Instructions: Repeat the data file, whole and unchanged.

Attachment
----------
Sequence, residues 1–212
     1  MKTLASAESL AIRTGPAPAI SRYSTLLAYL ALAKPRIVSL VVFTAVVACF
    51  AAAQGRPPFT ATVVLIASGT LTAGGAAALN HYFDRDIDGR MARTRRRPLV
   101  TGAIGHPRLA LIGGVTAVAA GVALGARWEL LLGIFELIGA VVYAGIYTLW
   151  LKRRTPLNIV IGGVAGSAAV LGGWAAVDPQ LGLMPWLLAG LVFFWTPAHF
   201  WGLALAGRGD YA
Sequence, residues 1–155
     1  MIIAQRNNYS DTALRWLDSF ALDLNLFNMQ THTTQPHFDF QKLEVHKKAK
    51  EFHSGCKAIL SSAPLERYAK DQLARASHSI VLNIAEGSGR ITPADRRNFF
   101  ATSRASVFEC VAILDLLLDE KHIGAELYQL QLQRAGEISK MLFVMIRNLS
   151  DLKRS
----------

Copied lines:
Sequence, residues 1–212
     1  MKTLASAESL AIRTGPAPAI SRYSTLLAYL ALAKPRIVSL VVFTAVVACF
    51  AAAQGRPPFT ATVVLIASGT LTAGGAAALN HYFDRDIDGR MARTRRRPLV
   101  TGAIGHPRLA LIGGVTAVAA GVALGARWEL LLGIFELIGA VVYAGIYTLW
   151  LKRRTPLNIV IGGVAGSAAV LGGWAAVDPQ LGLMPWLLAG LVFFWTPAHF
   201  WGLALAGRGD YA
Sequence, residues 1–155
     1  MIIAQRNNYS DTALRWLDSF ALDLNLFNMQ THTTQPHFDF QKLEVHKKAK
    51  EFHSGCKAIL SSAPLERYAK DQLARASHSI VLNIAEGSGR ITPADRRNFF
   101  ATSRASVFEC VAILDLLLDE KHIGAELYQL QLQRAGEISK MLFVMIRNLS
   151  DLKRS